Fun fact: Kicking Horse Mountain Resort, a 20 minute drive from Golden, is known as the “Champagne Powder Capital of Canada” – so be sure to return in winter!
A quirky, artsy town situated on Kootenay Lake in the Selkirk Mountains, Nelson is your spot to both enjoy the fall foliage, and the culture. Plan to spend a few days here! Head hiking, paddling, mountain biking, golfing, or fishing to take in the fall magic. The Pulpit Rock hike is iconic to Nelson. A short, steep 1.8km takes you up out of town for fantastic views of Nelson and Kootenay Lake. Of course, you can simply spend a day strolling around town and pop into local shops, cafes and restaurants for peak cozy vibes.
Fun Fact: There are more restaurants per capita in Nelson, BC than in Toronto, Manhattan, or San Francisco! Not bad for the Kootenays.
Revelstoke or Revy is the place to be in the fall. Locals call it ‘rocktober’ as the climbing season is in full swing. According to The Crag, there are 220 climbing routes in this region! In addition, if you’re looking for waterfalls in the Kootenays, this is the place to be. Head to the Revelstoke waterfall trifecta of Sutherland Falls, Begbie Falls, and Split Rock Falls. The autumn season provides perfect weather for mountain biking and hiking, so take advantage of the extensive trail network near town. For a moderately challenging hike, check out Eva Lake and Miller Lake Trail for beautiful alpine views. Of course, fall is a great time for fishing as the cooler temperatures make the fish more active. Head out angling for a day and see what you can catch!
Fun fact: Revelstoke is located in an inland temperate rainforest – one of the rarest rainforests in the world!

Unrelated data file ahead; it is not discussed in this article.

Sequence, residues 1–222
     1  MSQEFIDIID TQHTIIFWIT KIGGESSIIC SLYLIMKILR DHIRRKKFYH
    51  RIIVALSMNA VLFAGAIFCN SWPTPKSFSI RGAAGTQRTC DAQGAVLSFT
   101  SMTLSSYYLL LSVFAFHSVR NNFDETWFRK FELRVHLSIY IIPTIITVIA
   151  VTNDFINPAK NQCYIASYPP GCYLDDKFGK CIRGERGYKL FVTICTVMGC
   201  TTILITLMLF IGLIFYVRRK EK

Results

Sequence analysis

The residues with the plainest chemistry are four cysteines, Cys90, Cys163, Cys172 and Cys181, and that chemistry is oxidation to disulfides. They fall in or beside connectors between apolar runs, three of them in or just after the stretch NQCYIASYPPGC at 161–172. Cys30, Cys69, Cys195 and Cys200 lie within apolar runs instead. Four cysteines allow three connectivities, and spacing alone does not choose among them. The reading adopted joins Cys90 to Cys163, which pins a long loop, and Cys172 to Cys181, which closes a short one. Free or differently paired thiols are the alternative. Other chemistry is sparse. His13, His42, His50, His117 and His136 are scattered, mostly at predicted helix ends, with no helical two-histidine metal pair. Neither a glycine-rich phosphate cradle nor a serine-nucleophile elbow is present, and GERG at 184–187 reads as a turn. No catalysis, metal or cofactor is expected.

Kootenay National Park
If you’re in the Kootenays in fall, you need to make sure Kootenay National Park is on your list. The town of Radium Hot Springs sits at the west entrance of the park, and the beautiful and scenic Highway 93 runs through the park and emerges on Highway 1 between Lake Louise and Banff. Often overlooked, as many people simply drive through on their way to Banff, you’ll find yourself free of Banff-like crowds, but immersed in natural beauty. As you drive into the park, you’ll lose cell phone reception pretty quickly, making it the perfect remote getaway.
Over the 1406 square kilometres of the park, you’ll find ice-capped mountains, glaciers, forests, and rivers just begging to be explored. There are many options to paddle, hike, bike, and see wildlife – it just depends on how much time you have!
To Do in Kootenay National Park:
Paddle on the Columbia, Kootenay, or Elk River for spectacular views and clear blue water. Hike the Stanley Glacier Trail, a challenging 11km hike best completed before the end of October, for picturesque alpine and glacier views. Marble Canyon is a low-effort, high-reward hike, where over 1.6km of hiking, you’ll see some of the most beautiful views in the Rockies. Don’t miss a trip to the Paint Pots, brightly coloured mineral pools, for a unique view.
Stay in Radium Hot Springs, where there are plenty of accommodation options in town, and camping options nearby. Don’t miss a visit to the popular hot springs to relax and unwind after an adventure!
Fun fact: There are iconic red Muskoka-style chairs scattered throughout the park, so you can relax and take in the views.